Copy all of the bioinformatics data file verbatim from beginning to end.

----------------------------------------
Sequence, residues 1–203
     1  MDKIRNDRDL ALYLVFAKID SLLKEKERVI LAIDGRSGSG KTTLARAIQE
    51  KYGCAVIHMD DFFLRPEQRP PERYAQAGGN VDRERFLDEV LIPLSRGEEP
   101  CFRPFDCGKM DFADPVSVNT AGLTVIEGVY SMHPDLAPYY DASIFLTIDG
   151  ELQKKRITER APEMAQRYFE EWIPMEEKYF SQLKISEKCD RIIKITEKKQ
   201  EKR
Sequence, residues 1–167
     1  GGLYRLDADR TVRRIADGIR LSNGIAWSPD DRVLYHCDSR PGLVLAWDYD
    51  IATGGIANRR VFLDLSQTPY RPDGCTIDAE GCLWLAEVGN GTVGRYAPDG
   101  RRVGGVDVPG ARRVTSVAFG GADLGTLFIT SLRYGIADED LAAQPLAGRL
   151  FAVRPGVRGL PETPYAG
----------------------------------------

Sequence, residues 1–203
     1  MDKIRNDRDL ALYLVFAKID SLLKEKERVI LAIDGRSGSG KTTLARAIQE
    51  KYGCAVIHMD DFFLRPEQRP PERYAQAGGN VDRERFLDEV LIPLSRGEEP
   101  CFRPFDCGKM DFADPVSVNT AGLTVIEGVY SMHPDLAPYY DASIFLTIDG
   151  ELQKKRITER APEMAQRYFE EWIPMEEKYF SQLKISEKCD RIIKITEKKQ
   201  EKR
Sequence, residues 1–167
     1  GGLYRLDADR TVRRIADGIR LSNGIAWSPD DRVLYHCDSR PGLVLAWDYD
    51  IATGGIANRR VFLDLSQTPY RPDGCTIDAE GCLWLAEVGN GTVGRYAPDG
   101  RRVGGVDVPG ARRVTSVAFG GADLGTLFIT SLRYGIADED LAAQPLAGRL
   151  FAVRPGVRGL PETPYAG